As you probably noticed by now, an EDMX file’s “Custom Tool” property is set to EntityModelCodeGenerator. Making Visual Studio use SampleEdmxCodeGenerator is pretty simple: select the EDMX file in Solution Explorer and type SampleEdmxCodeGenerator as the “Custom Tool” property value.

Visual Studio will immediately run SampleEdmxCodeGenerator to process the EDMX file. You can force Visual Studio to call SampleEdmxCodeGenerator to process the EDMX contents by right-clicking the EDMX file in Solution Explorer and choosing “Run Custom Tool”.

EntityModelCodeGenerator and SampleEdmxCodeGenerator can live side-by-side with each other. For example, you can have 2 EDMX files in the same project with the “Custom Tool” for one set to EntityModelCodeGenerator and other set to SampleEdmxCodeGenerator.

Add and edit CSDL annotations

Since the ADO.NET Entity Designer has no support to visually add or edit CSDL annotations you’ll need to open the EDMX file in XML Editor to do this. This is easy enough to do as follows:

1.       Right-click on the EDMX file in Solution Explorer and choose “Open With…”

2.       Click on “XML Editor” in the “Open With” dialog box

3.       Click OK

4.       The EDMX file opens in XML Editor instead of the ADO.NET Entity Designer

5.       If you prefer, you can reformat the XML document to make it more legible by pressing Ctrl+A and clicking on the “Reformat Selection” button on the XML Editor toolbar

While the ADO.NET Entity Designer doesn’t support it, you could easily imagine a Visual Studio Addin that shows CSDL annotations in a nice GUI and lets you edit them outside of the designer.

When an EDMX file with CSDL annotations is opened in XML Editor, Visual Studio will show information messages saying something like:

Could not find schema information for the attribute 'http://tempuri.org/SampleAnnotations:ClrAttributes'.

These messages can be safely ignored but if you really care then you can create an XSD for your custom namespace and copy the XSD into %vsinstalldir%\Xml\Schemas. Doing this not only gets rid of the messages but you also get intellisense when you type CSDL annotations in XML Editor.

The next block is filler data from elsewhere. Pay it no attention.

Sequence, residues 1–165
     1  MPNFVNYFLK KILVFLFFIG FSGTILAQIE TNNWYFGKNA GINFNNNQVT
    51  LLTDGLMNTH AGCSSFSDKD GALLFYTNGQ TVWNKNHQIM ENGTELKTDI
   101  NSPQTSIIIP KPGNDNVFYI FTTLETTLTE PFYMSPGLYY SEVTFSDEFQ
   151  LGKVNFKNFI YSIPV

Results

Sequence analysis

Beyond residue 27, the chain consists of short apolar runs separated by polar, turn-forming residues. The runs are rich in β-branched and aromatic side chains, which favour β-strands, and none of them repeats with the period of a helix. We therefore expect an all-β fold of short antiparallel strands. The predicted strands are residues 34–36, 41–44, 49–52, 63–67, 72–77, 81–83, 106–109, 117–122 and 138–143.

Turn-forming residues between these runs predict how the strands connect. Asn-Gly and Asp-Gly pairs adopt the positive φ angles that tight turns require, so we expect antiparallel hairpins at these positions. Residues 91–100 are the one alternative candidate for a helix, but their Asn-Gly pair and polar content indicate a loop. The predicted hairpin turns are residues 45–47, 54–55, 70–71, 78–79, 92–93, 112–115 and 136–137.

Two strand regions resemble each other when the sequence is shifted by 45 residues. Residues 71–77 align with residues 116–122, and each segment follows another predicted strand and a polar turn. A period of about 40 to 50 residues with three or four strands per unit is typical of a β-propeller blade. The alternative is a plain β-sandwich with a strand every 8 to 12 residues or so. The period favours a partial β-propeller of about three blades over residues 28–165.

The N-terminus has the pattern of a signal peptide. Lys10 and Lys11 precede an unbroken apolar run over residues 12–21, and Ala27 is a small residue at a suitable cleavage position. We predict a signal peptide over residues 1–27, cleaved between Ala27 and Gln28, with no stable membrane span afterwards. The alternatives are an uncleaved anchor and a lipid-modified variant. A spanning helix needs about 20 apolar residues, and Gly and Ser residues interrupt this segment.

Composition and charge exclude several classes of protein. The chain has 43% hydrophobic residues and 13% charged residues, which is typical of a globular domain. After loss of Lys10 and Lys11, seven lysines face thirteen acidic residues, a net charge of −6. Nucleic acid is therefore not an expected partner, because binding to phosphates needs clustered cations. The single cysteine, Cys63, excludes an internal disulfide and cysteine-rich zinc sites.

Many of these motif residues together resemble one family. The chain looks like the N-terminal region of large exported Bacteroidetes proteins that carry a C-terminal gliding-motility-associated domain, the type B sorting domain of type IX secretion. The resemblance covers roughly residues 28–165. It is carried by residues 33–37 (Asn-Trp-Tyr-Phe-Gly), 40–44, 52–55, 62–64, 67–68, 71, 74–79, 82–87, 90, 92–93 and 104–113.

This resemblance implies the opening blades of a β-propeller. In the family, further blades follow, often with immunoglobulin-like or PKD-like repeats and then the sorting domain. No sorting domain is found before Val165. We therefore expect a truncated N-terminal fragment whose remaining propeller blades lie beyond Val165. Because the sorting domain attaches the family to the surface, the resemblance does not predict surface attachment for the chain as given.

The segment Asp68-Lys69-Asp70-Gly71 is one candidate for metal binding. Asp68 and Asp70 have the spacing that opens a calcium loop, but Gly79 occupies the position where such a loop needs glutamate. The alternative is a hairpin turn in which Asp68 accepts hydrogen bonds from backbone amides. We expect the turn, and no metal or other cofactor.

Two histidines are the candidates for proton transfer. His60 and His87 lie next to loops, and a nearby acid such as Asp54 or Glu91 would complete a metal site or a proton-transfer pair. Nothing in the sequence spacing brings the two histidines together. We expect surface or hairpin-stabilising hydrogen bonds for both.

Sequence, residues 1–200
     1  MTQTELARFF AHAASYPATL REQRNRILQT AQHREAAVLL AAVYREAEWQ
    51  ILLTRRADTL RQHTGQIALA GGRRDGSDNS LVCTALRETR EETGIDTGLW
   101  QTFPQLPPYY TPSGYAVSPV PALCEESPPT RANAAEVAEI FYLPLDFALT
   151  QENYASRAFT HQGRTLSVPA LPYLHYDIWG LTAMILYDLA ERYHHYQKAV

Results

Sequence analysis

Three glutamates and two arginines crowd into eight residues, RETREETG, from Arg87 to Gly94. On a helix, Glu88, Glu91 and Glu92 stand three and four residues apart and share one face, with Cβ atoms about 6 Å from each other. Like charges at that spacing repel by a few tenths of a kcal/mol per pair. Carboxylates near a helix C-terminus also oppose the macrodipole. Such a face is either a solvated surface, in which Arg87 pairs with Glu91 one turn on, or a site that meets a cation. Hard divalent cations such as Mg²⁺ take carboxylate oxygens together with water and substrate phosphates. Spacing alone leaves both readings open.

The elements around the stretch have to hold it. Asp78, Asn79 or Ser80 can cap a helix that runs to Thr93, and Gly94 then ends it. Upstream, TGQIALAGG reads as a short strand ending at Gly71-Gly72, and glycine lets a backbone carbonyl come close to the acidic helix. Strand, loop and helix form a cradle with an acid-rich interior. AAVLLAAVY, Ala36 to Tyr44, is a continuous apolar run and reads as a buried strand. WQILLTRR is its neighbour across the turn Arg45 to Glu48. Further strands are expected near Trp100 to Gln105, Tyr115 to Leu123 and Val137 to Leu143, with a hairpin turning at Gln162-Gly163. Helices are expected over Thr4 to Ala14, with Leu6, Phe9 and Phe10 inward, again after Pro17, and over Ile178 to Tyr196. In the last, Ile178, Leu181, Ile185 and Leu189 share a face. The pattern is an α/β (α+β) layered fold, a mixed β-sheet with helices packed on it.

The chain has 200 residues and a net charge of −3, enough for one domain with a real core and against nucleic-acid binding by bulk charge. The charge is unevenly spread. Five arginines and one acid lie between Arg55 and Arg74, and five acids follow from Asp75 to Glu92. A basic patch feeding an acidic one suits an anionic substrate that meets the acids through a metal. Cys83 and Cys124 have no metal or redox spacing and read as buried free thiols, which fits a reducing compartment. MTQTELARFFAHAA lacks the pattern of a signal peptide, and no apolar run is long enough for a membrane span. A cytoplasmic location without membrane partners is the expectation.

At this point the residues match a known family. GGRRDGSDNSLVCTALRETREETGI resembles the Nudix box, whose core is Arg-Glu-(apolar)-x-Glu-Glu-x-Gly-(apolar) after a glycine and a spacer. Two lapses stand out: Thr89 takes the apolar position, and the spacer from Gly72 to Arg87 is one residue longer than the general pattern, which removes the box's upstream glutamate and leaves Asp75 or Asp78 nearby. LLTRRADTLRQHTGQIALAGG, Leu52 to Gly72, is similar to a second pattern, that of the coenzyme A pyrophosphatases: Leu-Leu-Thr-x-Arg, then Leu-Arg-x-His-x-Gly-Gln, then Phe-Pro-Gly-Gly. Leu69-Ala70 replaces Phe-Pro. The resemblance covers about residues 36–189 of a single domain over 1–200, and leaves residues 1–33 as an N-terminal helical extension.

The parsing logic in SampleEdmxCodeGenerator is pretty simplistic and expects multiple CLR attributes to be separated by ‘;’ and only supports string and bool attribute parameters. You could easily extend the sample to work with more complicated constructs.

As soon as you make a change to the EDMX file, Visual Studio will call SampleEdmxCodeGenerator to process the EDMX contents which will immediately generate classes with the appropriate CLR attributes.

Open an EDMX file with CSDL annotations in the designer

The ADO.NET Entity Designer has no support to visually add or edit CSDL annotations. However, the designer preserves any existing CSDL annotations in the EDMX file and the file is rendered properly.

Thus, it is possible to open an EDMX file in the designer even when it contains CSDL annotations and even when it’s “Custom Tool” property is set to SampleEdmxCodeGenerator. One side-effect of this is classes for any new entities created via the designer will be generated by SampleEdmxCodeGenerator. This may be ok as long as you are aware this is happening under the covers.

When an EDMX file with CSDL annotations is opened in the ADO.NET Entity Designer, Visual Studio will show information messages saying it could not find schema information like it did when the EDMX file was opened in XML Editor.

 Sanjay Nagamangalam
Program Manager, ADO.NET